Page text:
Felipe Bedoya is a visual artist based in Bogotá, Columbia. He is a painter-cum-digital illustrator, creating emotive portraits that seem almost photographic in detail, yet feature subtle elements of abstraction that point to deeper meaning. In this series, O.M.O. (named in reference to the inhabitants of Omo Valley, a region of southern Ethiopia), Bedoya navigates the concept of wearing masks and traditional body art as a form of nonverbal communication.
Bedoya’s art is informed by his love for North African culture. He often chooses African figures as the subject of his artworks. He explores ritualistic behaviours that are distinct from his own Columbian upbringing. He also looks at how other cultures treat the subject of identity in artistic ways.
“The characters you see do not exist, they are fictitious. The idea is to annoy the viewer and to incite questions about how real what he/she sees is,” explains the artist regarding the effect of his detailed painting style, “For these people, the brilliance in their look, the way they live, the marks and lines on their bodies – these things become their fingerprints and denote their belonging.”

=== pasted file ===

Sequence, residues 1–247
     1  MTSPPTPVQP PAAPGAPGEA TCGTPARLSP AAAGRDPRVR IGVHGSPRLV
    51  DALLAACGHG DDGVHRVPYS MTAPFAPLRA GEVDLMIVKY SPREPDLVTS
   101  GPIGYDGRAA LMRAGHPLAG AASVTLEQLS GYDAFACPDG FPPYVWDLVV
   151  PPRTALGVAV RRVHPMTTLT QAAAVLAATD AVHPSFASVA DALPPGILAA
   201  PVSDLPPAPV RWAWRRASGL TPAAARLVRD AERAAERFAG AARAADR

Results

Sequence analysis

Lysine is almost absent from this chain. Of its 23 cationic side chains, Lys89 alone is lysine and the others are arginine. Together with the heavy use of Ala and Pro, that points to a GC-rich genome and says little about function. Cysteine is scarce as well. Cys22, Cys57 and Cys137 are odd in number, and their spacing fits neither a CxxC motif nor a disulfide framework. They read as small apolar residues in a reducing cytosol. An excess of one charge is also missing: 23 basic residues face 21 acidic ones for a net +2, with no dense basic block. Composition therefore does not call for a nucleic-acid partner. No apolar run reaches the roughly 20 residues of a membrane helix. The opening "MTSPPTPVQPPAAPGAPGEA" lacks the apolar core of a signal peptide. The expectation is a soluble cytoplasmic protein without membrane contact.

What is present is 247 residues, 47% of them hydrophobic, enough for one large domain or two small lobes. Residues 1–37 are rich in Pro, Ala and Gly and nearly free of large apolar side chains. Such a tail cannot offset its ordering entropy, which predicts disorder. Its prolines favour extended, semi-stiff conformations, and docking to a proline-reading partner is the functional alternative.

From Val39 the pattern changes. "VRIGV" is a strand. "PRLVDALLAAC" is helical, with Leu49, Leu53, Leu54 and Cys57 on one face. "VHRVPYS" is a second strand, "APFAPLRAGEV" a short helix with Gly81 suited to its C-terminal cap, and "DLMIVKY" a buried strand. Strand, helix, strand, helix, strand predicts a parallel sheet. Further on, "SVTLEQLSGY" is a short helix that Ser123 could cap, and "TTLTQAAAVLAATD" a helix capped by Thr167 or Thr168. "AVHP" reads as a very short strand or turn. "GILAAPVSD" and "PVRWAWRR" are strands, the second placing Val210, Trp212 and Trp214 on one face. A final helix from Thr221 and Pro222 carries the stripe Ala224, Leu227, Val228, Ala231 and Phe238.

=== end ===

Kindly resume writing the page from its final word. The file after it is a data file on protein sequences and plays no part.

O.M.O. depicts different non-gendered figures with facial art seemingly painted onto the face by hand. Though body art of this nature is often associated with tribal practices, Bedoya's high-tech method in creating them open up questions regarding the western world's own ways of identification through cosmetics. Each painting, which normally starts out as conventional oil paint on a canvas before it is scanned in and taken to a different level with digital painting techniques, has become a kind of cathartic conduit for him as someone who suffers from social anxiety. Ironically, his portraits have a directness without words, a kind of expressive communication.
"I'm not a person who looks others in the eye a lot. I'm rather shy and reserved. Instead, my characters face the viewer. This contrast makes me feel that I speak through the images with a language that I cannot convey in real life.”